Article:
The mental load – mums know what it is, it’s time dads did too

Ian Dinwiddy, Founder and Director of Inspiring Dads, writes about the benefits of doing the washing up. Really.

dads, housework


In a recent survey for GQ magazine 66% of respondents chose “being a present father” as the number one aspect of modern masculinity.

But modern masculinity goes way beyond that.

Real men not only want to spend more time with their families, they understand and help with the mental load. It’s not just about your quality time with your children – life is a partnership and your presence has to add up to more than just getting home on time and making great memories at the weekend.

Your role doesn’t begin and end with money in the bank and feeling good about yourself because your kids love you and you get to work from home once a week. (In fact research from Germany found that when men worked from home they actually worked longer and did less childcare than if they were ‘at work’ that day, by contrast women did more childcare than they otherwise would.)

It has to be about taking on the “burden” of life. It’s about pulling your weight, not waiting to be asked, about managing at home as well as at work.

It’s called ‘the mental load’ and generally men aren’t very good at understanding it and then doing something about it.


If you’re wondering what your wife says behind your back this may be an eyeopener. Here’s some typical messages I’ve seen:

“I’m putting the kids to bed when my daughter says, what’s for tea? It’s 8.15 and I feel raging tbh. I was out from 4-7 but I did just assume tea would be taken care of. Am I wrong?”

“I think it’s time you had a chat about this situation. Ffs we do not live in the 18th century! Seriously if you have to go out to work, then the balance within the home needs to be altered too. Atm my oh is ironing whilst I am doing other jobs. If he did not help out with the kids/ housework etc I would just down tools.”

Some partners think we’re stupid.

“If I’m out for dinner I leave either something pre-cooked or easy to make (frozen that just needs sticking in the oven) & give him very clear instructions on what to do, but to be honest I try to feed them before I go out… otherwise I know he’ll just resort to takeaway.”

This is what they want us to do…

“Men need to start taking on board the fact that women are not born with any special skills and that not only can men organise the home/kids/social life/etc, they should just do it without waiting to be asked. They shouldn’t expect those tasks to be delegated to them by women. And whilst there are men who do this, they are few and far between”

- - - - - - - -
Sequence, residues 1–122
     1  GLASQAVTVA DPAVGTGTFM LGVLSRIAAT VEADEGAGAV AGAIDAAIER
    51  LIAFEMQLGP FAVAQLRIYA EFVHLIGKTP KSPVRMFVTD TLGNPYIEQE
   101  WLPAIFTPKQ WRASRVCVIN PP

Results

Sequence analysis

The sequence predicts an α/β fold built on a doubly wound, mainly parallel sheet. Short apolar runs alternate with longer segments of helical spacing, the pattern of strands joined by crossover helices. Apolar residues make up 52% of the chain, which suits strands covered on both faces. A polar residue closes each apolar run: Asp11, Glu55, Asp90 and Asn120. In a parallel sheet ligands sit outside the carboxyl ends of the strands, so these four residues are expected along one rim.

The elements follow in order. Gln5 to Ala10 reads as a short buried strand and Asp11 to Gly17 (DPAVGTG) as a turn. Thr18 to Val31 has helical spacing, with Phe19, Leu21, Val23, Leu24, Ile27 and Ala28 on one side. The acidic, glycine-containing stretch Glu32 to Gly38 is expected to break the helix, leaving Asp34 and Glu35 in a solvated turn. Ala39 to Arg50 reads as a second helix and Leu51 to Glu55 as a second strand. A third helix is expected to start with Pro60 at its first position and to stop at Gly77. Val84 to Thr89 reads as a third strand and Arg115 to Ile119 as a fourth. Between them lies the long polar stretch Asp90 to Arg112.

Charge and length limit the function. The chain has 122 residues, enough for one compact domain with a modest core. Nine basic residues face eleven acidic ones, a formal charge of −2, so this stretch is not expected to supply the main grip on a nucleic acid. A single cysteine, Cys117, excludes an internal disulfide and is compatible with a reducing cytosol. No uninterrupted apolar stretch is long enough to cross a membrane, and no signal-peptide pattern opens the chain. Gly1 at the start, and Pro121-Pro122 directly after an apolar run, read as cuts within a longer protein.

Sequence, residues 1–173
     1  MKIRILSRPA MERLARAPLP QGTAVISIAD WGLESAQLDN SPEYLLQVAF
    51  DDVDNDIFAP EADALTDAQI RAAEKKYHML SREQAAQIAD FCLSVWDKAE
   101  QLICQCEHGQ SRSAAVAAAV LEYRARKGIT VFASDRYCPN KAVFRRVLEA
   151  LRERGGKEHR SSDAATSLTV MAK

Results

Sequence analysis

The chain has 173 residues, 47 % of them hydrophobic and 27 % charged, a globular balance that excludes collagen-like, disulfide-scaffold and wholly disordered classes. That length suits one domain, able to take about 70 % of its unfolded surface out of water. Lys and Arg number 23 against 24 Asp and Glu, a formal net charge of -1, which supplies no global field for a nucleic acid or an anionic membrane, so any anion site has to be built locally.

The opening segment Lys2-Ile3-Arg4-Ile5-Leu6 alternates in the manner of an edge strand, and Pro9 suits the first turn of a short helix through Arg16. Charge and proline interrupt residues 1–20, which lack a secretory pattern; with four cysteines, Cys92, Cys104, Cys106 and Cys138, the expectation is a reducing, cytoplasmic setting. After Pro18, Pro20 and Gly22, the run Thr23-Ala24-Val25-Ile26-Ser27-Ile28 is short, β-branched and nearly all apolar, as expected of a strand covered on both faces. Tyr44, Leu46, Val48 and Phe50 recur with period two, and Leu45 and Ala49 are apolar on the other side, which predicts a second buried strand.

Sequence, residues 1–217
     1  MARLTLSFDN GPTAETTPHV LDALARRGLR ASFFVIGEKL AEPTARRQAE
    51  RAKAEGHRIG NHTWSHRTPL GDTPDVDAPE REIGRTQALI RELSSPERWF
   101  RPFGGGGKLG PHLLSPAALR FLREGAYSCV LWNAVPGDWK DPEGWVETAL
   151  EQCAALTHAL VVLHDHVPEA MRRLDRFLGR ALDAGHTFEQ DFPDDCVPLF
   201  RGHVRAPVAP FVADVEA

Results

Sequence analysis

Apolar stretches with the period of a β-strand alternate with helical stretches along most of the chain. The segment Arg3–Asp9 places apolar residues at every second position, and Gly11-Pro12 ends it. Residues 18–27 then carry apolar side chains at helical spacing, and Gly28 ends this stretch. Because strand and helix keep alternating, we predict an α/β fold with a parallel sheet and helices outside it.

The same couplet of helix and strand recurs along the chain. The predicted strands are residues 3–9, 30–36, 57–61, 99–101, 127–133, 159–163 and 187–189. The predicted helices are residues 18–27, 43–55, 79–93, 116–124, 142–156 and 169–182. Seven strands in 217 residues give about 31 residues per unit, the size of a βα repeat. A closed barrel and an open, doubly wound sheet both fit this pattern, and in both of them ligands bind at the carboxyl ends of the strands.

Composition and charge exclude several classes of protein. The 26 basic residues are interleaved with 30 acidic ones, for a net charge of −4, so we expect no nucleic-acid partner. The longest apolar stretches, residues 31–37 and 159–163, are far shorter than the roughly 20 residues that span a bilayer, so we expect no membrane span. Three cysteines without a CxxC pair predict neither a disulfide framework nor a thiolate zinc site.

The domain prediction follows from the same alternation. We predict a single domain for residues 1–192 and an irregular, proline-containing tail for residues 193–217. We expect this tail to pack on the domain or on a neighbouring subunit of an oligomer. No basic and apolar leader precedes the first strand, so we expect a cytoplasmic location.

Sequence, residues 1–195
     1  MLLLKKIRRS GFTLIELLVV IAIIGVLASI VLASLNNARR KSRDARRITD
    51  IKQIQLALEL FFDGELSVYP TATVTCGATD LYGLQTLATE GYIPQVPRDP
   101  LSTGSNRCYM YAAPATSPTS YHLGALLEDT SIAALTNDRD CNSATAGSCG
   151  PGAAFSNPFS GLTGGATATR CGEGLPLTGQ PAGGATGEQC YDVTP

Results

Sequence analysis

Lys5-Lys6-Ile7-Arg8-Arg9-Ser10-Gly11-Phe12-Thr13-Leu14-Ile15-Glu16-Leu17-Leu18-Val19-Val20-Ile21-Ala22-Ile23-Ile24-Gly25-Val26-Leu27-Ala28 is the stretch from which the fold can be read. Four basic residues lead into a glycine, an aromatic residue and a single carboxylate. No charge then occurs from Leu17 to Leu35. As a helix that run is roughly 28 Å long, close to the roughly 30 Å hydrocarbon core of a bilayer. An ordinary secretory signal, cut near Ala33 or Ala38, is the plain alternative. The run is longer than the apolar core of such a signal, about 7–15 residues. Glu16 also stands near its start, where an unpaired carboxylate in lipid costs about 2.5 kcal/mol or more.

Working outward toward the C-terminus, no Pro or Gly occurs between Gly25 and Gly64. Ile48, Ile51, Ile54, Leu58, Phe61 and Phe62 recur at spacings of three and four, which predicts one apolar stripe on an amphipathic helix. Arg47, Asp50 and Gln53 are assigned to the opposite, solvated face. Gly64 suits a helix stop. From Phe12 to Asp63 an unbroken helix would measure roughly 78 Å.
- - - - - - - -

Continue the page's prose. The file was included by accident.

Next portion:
Work Life Balance

As a working dad, getting your work life balance right is really important but there’s bigger purpose here – it’s about the fundamentals of your life in partnership as a couple. If you are just focused on your own personal work life balance you are really missing a trick when it comes to your overall family and relationship happiness.

I don’t believe men are inherently selfish. Many of us were raised in households where mum did most, if not all, of the domestic chores and there’s plenty of research to show that men – and women – tend to repeat the example they were brought up with. But that also means it’s on us to set an example for our kids and muck in with the menial jobs.

And evidence shows the couple that puts out the bins together stays together. So it’s worth having a serious conversation with your partner about housework. It might not sound like the most convincing pillow talk but it will help you have a more mature and stronger bond.

One client, let’s call him Toby, told me, “If there’s one thing I wish we’d done better, it would have been to have those really honest discussions – rather than the more off-hand comments and observations – about the work life balance for both of us, including as a couple and as parents.”

The modern dads mantra might be ‘don’t split up, split the chores’.

Engage with the mental load properly and your partner will be saying nice things about you to her friends behind your back.


Ian Dinwiddy is Founder and Director of Inspiring Dads – a coaching business specialising in supporting men with their work life balance.

Comments [3]

  • Role modelling matters for working dads in so many ways - 3 Plus International says:

    […] that paid work is followed by a “second shift” of unpaid housework and emotionally demanding mental load. The UN estimates that globally 75% of unpaid labour is carried out by women (about three times as […]

  • Jeremy - ThirstyDaddy says:

    Its interesting because both my wife and I both think that we do almost all of the household chores. I’m sure that the truth is somewhere in the middle, as it often is

  • V Young says:

    Interesting article – as a mum it’s one of the things I take on without thinking about, but then, when I’m away with work for a week or so, and need to communicate the kids / home needs for the week, it sometimes stretches to spreadsheet length!! But again I do know of Dads who take all of the load on – at the end of the day it’s all about partnership ..right?!

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